• Arts in health: Pregnancy, birth & new parenthood

      Hogan, Susan; University of Derby (Routledge, 2020-08-06)
      Art making offers a means for women to express and understand their changed sense of self-identity and sexuality as a result of pregnancy and motherhood. This introduction presents an overview of the key concepts discussed in the subsequent chapters of this book. The book introduces readers to the various ways in which art is being used with women who are experiencing different stages of childbearing–who may be unable to conceive and are struggling with infertility treatment, or experience miscarriage and loss, or are facing other issues of adjustment. It acknowledges that ideals around pregnancy and childbirth are highly contested, that this contestation, coupled with the very liminality of the event itself is challenging, if not potentially destabilising for new mothers and their partners. The English political activist and law reporter Vanessa Olorenshaw has pointed out that motherhood demands interdependence and sits uncomfortably with the dominant neo-liberal ideology of ‘self’ and ‘individualism’ as the core objects of a happy selfhood.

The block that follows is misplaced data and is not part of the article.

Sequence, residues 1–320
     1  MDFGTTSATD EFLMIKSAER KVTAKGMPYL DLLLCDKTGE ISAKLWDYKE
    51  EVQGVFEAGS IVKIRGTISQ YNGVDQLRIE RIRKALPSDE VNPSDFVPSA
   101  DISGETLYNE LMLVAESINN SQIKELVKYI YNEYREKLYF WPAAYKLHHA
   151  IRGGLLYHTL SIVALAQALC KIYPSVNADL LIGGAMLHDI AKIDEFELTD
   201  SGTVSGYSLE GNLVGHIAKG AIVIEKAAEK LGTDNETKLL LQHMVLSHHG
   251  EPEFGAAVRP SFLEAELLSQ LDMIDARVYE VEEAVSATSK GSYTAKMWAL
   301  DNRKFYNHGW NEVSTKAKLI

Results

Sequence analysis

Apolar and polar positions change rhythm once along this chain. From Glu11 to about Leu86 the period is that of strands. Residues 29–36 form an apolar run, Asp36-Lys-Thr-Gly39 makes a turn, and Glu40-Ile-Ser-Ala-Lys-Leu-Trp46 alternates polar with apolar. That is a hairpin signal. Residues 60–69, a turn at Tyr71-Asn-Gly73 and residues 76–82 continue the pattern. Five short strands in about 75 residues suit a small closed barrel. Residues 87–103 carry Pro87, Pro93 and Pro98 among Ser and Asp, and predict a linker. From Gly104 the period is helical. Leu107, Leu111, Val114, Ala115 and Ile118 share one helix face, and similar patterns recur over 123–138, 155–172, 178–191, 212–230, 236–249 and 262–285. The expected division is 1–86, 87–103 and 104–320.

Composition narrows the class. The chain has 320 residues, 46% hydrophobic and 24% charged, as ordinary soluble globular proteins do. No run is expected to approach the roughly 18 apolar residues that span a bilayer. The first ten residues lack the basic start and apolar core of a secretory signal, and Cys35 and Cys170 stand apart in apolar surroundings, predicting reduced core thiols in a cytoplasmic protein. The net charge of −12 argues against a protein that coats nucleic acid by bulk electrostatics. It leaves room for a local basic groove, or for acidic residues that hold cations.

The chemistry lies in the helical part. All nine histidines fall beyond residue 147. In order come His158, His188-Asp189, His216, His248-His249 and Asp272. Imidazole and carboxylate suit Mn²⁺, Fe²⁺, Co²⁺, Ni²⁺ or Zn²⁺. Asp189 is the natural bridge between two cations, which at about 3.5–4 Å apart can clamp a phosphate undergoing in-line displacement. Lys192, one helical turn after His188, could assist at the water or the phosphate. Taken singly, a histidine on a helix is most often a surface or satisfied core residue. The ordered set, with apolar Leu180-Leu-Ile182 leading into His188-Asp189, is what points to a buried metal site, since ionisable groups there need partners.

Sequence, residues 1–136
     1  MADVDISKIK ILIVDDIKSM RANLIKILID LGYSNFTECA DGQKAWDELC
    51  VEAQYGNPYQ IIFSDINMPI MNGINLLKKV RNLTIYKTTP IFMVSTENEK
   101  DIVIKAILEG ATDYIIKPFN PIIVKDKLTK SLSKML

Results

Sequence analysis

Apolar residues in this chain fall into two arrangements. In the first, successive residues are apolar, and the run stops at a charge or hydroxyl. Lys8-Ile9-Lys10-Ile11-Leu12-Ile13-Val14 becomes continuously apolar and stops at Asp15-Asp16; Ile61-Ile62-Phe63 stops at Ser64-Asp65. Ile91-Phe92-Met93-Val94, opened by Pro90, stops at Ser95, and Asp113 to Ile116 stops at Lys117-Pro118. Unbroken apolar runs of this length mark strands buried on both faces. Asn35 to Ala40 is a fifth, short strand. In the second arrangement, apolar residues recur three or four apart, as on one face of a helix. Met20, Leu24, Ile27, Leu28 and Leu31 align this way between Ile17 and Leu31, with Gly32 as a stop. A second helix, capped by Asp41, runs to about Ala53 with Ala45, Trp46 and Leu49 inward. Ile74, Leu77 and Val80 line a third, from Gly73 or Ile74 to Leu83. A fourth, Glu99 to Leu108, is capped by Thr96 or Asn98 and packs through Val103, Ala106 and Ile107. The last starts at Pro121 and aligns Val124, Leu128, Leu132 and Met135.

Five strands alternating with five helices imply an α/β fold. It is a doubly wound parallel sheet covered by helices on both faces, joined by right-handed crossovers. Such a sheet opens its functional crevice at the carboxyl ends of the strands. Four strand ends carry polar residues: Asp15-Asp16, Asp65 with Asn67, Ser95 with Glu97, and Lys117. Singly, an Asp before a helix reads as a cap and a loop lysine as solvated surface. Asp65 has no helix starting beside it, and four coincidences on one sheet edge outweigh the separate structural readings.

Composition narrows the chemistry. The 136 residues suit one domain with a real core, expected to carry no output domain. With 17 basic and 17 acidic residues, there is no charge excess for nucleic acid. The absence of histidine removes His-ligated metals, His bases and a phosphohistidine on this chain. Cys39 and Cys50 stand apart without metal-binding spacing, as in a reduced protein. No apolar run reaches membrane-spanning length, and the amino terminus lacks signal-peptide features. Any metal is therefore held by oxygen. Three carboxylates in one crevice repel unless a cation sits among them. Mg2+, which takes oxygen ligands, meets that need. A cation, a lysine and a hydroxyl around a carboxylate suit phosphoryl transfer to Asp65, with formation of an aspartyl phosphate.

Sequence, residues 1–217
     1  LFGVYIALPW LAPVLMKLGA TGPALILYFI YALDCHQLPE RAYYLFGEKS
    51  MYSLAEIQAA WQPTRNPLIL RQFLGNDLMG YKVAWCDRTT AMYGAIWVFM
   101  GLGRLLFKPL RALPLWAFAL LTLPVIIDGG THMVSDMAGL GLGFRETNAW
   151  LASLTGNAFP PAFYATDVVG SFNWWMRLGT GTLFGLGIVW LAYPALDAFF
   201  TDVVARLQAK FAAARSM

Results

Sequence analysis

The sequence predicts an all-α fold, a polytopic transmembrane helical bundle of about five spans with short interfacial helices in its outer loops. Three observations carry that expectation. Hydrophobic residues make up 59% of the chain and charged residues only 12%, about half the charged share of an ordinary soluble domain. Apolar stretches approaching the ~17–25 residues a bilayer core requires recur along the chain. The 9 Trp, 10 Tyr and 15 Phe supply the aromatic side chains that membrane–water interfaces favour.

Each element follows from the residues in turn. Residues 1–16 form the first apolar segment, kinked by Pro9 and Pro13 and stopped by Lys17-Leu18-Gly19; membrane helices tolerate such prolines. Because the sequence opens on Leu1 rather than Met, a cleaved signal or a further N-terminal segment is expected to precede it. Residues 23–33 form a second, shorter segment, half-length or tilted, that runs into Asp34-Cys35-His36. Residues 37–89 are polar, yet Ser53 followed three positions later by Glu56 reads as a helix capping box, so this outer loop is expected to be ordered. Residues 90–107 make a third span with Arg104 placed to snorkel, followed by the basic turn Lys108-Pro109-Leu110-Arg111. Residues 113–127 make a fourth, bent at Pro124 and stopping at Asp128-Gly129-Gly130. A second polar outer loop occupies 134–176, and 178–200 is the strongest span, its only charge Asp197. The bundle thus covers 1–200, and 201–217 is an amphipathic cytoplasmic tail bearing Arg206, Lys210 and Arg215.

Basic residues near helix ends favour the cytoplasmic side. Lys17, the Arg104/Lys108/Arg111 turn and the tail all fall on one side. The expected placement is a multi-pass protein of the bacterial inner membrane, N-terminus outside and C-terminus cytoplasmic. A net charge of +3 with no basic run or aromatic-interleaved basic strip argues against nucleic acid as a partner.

• Photography

      Hogan, Susan; University of Derby (Routledge, 2020-02-24)
    • Myths for a wetlands imaginary

      McCloskey, Paula; University of Derby (Paula McCloskey, 2019-11)